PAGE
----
This site is used by me (Justin Ellison) to provide a place for me to document things related to Information Security as my understanding of the field grows. I’ve been computering for some time now – I’ve been in systems administration/devops for much of that, but I’ve held other positions like network engineer and lead developer. I also maintained a top-100 Drupal module for about 18 months. My focus has been Linux but lately I’ve been shifting back to Windows. I’ve written code in Perl, Ruby, Shell, Powershell, Python and PHP. Python is next up on deck :) InfoSec has always been something that has interested me starting with my days as a network engineer. Now, it’s my full-time job.
As for the domain name: that’s way more interesting. I wanted a domain name that concisely conveyed my ideology that the best way to be the best blue teamer you can be is to know what the red teamers do, how they do it, and why they do it. I’m certainly not the only or the first person to think this, but it’s a core belief of mine.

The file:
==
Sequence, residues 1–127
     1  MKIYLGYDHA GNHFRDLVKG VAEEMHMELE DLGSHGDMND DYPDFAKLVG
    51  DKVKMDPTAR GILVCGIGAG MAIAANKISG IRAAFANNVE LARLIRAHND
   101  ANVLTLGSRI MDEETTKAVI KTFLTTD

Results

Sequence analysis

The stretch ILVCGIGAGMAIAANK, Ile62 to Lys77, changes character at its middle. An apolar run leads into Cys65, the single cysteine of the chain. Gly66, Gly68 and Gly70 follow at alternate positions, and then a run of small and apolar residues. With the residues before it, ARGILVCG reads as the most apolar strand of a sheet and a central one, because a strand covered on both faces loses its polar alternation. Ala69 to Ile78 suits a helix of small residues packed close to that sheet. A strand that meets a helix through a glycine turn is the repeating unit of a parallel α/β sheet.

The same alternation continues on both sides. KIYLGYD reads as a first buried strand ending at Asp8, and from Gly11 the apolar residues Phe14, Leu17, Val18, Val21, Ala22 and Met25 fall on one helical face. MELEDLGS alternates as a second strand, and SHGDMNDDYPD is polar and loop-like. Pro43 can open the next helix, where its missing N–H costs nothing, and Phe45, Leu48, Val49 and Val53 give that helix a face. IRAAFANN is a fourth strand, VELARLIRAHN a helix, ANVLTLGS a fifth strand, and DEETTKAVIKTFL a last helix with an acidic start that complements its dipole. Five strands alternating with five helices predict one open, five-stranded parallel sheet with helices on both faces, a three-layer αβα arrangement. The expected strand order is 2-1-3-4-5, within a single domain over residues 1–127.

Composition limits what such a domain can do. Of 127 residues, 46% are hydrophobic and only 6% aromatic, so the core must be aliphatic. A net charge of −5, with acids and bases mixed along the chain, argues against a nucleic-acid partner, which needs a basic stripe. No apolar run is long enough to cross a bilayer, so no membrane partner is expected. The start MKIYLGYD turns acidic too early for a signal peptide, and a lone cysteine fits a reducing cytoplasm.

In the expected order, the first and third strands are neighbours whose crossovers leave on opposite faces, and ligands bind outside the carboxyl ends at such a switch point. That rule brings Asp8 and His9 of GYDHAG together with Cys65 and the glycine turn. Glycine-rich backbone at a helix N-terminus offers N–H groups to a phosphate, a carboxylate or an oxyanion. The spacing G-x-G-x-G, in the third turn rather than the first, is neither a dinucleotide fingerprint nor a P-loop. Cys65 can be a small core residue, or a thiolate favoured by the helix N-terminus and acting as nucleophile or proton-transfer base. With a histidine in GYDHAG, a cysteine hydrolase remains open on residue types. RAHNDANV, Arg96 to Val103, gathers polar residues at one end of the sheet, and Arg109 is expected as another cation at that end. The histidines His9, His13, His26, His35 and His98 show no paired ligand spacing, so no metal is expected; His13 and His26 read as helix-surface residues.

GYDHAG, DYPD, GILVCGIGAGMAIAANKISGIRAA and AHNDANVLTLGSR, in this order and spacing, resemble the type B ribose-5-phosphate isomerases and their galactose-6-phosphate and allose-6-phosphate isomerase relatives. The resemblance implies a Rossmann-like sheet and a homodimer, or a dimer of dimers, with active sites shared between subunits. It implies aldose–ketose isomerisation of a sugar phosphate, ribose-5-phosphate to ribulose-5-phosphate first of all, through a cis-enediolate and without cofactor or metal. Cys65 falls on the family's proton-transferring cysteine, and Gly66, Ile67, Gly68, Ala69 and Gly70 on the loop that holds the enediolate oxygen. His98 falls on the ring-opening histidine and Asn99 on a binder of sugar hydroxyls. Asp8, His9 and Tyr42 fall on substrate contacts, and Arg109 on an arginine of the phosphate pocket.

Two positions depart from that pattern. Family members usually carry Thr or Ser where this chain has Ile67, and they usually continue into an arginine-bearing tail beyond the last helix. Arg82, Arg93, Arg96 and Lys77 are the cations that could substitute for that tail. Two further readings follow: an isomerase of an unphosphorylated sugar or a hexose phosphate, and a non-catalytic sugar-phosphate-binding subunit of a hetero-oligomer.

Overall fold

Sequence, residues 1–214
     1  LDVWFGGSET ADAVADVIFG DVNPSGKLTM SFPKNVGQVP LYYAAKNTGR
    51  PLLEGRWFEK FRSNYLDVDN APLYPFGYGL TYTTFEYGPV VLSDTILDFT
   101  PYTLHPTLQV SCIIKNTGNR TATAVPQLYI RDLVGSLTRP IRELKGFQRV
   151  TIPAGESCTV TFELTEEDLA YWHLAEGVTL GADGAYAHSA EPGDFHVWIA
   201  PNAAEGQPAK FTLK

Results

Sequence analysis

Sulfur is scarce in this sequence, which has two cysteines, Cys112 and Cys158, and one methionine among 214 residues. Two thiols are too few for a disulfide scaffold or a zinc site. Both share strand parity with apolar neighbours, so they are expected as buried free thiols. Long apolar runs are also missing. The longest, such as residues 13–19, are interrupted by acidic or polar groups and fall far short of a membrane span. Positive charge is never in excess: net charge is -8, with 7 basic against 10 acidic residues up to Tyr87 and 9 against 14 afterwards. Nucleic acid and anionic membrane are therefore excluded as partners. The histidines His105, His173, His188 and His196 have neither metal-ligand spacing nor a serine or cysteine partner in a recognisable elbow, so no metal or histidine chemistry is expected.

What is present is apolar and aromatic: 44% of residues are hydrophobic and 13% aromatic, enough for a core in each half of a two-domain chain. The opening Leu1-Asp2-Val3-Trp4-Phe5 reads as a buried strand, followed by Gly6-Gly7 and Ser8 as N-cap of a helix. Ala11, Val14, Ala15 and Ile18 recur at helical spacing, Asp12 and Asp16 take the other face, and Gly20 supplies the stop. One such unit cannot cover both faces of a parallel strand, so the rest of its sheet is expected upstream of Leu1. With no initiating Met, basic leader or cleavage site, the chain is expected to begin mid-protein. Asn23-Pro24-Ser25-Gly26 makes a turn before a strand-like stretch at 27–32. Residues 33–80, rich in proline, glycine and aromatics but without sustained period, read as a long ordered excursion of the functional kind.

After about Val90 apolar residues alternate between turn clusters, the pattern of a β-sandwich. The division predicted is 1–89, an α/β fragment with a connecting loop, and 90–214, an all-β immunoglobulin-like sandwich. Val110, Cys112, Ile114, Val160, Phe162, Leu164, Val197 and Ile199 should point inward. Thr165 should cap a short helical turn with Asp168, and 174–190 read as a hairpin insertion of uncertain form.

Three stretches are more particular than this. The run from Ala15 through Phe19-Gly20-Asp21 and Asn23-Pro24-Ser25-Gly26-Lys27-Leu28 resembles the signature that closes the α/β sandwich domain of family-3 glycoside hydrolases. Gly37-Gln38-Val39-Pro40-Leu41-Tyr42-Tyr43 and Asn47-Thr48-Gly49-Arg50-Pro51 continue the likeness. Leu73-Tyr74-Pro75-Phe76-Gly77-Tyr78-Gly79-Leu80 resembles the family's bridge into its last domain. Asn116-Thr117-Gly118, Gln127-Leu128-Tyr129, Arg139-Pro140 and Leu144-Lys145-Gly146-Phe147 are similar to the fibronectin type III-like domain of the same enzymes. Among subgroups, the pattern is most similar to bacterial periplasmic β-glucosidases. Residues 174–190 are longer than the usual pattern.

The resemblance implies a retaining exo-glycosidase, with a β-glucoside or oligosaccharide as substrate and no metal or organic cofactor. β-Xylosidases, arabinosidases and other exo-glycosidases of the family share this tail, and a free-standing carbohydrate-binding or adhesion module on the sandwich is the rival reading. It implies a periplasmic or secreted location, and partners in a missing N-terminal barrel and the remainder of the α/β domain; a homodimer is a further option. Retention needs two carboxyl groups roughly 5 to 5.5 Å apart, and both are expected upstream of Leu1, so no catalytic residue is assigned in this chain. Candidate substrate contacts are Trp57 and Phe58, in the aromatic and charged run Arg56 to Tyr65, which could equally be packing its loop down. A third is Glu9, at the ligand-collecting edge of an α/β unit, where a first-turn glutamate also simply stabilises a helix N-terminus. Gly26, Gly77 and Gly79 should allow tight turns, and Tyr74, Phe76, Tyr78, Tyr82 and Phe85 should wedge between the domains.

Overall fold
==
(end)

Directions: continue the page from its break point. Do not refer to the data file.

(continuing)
I remembered seeing a band named “Red Wanting Blue” live once (I recommend them - awesome show), and thinking that it was funny that they used those terms in their band name. I googled around for the meaning of that, and came upon an interview with their lead singer, Scott Terry where he explains the meaning behind the name:
... they are primary colors, and one can never be the other. Yet, they are in the condition to try and become one another anyway. As human beings, we believe in alchemy. We believe we can turn lead into gold, and a lot of times, despite our limitations, we are determined. I mean, we don’t have the ability to fly, yet we made it to the moon. I feel like that resonates for struggling musicians who want to follow their dream, and everyone says that you can’t do it or you’ll never make it. We may know it might not work out, but we’re going to try anyway, and that’s the meaning of “Red Wanting Blue.” It’s going after what you’re not supposed to be chasing, but doing it anyway.
I feel like this very accurately explains how a blue teamer should try to be a red teamer, although they might actually never become one.